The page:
He transferred to Orange to “get a farm” and to lead the State’s animal health surveillance program, implementing training programs and the collation and publication of surveillance data and information. He also took on the disease control program and became the state leader for Johne’s disease control. He was appointed as the technical adviser to the livestock industries’ National Johne’s Disease Coordinating Committee in 1995, formed in response to concerns about the ongoing spread of this insidious infection (paratuberculosis) and hypothesised links with a chronic bowel disease in people.
The following year, Chris and David took the bold step of launching AusVet Animal Health Services Pty Ltd, coinciding with David’s appointment as the coordinator for new national Johne’s disease program; thus providing their fledgling company with its first contract (with the red meat and dairy R&D organisations), … and critical income.
Shortly after, Chris gained AusVet’s second contract as national surveillance coordinator with the newly formed Australian Animal Health Council (now Animal Health Australia), commencing what became a close, long-standing partnership. The AAHC also took over managing the Johne’s program, with David leading industry and government teams that developed national guidelines and standards for regional control programs and for assurance programs for herds and flocks. David was active in the International Association for Paratuberculosis, working with colleagues developing global guidelines for Johne’s disease control and was a member of the External Advisory Board for the United States Johne’s Disease Integrated Program. For several years he was also Vice-President of the Association and was awarded its Outstanding Service Award in 2005.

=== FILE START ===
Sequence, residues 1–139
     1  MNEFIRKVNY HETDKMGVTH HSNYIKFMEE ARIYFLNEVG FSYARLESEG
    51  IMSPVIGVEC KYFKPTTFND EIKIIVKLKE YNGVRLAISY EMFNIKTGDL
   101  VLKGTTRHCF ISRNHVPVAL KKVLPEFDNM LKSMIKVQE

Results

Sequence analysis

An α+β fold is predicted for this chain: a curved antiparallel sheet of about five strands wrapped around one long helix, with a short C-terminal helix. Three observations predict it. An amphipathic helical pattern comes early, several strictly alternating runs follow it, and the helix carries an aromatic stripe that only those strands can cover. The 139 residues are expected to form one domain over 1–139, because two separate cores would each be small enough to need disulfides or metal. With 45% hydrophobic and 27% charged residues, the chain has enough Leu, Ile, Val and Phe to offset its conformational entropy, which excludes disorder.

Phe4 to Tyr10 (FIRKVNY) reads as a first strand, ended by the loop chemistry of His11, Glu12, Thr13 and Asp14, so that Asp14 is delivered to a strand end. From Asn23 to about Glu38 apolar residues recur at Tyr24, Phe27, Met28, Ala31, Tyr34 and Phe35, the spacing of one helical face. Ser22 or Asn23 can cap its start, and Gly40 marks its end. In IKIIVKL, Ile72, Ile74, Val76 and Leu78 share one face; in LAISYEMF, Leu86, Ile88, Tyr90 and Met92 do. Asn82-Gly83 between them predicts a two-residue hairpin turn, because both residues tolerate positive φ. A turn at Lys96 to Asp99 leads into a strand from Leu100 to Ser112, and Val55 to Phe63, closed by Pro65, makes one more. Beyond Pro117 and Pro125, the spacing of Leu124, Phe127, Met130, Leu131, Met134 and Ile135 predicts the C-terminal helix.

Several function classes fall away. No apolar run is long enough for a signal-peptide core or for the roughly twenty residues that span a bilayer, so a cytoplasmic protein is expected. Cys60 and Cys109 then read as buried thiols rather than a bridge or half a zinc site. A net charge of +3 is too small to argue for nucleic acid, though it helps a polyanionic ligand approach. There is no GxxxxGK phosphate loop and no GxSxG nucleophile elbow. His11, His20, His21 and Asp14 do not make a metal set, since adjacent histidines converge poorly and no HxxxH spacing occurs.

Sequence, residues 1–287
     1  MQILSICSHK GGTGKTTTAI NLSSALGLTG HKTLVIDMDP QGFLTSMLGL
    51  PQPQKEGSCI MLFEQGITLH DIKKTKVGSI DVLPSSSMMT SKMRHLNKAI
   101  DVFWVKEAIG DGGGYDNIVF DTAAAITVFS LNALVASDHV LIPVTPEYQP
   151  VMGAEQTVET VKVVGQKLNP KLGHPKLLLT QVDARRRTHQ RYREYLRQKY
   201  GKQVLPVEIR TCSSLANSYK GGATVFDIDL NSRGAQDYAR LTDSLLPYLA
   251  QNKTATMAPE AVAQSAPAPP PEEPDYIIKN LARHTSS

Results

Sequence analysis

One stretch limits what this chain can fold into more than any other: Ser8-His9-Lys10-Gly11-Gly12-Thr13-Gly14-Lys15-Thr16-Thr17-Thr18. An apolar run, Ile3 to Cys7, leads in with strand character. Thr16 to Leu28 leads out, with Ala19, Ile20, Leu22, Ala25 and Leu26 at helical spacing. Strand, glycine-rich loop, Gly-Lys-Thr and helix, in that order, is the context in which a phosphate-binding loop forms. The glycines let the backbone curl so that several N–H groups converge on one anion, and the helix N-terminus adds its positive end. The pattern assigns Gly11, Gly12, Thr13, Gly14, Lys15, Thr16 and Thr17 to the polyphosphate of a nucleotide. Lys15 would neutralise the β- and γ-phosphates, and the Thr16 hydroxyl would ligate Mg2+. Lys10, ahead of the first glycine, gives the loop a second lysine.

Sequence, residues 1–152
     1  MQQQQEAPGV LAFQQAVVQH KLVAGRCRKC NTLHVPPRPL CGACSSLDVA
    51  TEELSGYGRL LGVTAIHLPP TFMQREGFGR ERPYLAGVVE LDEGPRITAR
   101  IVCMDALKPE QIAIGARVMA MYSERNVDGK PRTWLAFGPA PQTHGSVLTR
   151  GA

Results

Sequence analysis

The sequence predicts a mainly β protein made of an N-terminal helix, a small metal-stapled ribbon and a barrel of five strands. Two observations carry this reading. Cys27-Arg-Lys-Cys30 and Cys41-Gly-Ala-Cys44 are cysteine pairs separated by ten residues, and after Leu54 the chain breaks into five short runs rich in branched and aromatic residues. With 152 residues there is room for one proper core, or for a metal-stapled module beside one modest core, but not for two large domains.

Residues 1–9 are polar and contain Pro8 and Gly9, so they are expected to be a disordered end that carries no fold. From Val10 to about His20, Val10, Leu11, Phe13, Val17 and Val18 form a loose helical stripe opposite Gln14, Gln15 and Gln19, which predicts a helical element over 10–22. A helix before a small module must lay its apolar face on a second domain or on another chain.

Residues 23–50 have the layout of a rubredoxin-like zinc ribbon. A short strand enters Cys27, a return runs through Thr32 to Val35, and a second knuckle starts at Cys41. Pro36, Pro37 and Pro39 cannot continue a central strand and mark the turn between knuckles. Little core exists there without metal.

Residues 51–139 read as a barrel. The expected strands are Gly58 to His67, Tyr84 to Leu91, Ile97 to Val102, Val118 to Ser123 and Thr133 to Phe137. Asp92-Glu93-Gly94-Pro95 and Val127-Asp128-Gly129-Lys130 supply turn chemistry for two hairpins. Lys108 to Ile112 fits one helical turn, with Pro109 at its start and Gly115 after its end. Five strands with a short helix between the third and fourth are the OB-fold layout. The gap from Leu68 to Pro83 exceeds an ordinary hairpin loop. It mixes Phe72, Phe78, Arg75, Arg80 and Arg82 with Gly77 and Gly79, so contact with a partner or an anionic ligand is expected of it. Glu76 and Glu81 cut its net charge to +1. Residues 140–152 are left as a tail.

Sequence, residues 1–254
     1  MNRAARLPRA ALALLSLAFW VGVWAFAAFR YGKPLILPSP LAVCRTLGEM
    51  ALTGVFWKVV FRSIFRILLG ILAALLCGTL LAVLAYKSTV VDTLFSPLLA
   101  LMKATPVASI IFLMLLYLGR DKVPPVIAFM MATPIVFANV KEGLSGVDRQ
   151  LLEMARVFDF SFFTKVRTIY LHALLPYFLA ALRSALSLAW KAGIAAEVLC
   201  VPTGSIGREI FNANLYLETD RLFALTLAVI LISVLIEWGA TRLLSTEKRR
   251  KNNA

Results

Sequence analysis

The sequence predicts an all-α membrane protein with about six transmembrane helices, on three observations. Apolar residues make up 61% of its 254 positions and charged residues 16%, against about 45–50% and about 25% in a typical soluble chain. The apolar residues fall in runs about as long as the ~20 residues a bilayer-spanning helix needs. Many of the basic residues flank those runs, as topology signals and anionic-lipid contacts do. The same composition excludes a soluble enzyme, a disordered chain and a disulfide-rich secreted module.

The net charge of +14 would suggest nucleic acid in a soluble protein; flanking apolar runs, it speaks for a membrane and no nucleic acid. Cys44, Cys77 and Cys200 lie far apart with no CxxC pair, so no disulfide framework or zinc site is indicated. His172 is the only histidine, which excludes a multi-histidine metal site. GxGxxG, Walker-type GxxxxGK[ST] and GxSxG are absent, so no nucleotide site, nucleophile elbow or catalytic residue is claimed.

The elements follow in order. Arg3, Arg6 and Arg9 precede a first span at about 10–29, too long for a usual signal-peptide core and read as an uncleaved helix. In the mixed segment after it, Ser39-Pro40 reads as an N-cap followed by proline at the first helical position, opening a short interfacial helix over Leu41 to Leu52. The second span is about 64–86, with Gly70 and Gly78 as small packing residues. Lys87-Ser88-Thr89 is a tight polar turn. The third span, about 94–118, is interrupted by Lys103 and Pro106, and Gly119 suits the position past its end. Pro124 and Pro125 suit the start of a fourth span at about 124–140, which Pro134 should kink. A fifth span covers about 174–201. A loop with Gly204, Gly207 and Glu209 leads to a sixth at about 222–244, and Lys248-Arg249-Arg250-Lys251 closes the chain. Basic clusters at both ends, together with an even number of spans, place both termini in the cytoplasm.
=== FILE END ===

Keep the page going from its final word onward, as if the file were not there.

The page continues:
Over the next decade, AusVet succeeded and grew, with a staff of highly skilled and trained epidemiologists recruited to work on a broad range of projects in Australia and overseas. Chris’s sudden death in 2005 severely impacted staff and clients in many ways. However, the AusVet team stepped-up and successfully assured clients that they would carry his impressive load.
David became more involved in development projects overseas. As well as managing two of Chris’s AusAID projects aimed at harmonising aquatic animal health surveillance and live food-fish movement guidelines among the ASEAN countries, he led multidisciplinary teams on projects in Laos and reviewed surveillance and control programs in south-east Asia, southern Africa and the Pacific for AusAID and the Australian Centre for International Agricultural Research (ACIAR). For a short while he acted as manager of ACIAR’s animal health research program.
David retired from AusVet in 2012 but continued as the independent technical advisor to the live export R&D program till 2017. The program grappled with improving the management and prevention of losses and illness among animals exported from Australia. An impressive cohort of specialists, including AusVet epidemiologists, was pivotal to the success of challenging research projects on sea and land. During this time, he also chaired the project advisory committee and the standards committee working with consultants to develop the novel Livestock Global Assurance Program to improve the health and welfare of animals along the length of the live export chain through quality assurance, rather than regulation. During this time, David was also an honorary Associate Editor for the Australian Veterinary Journal.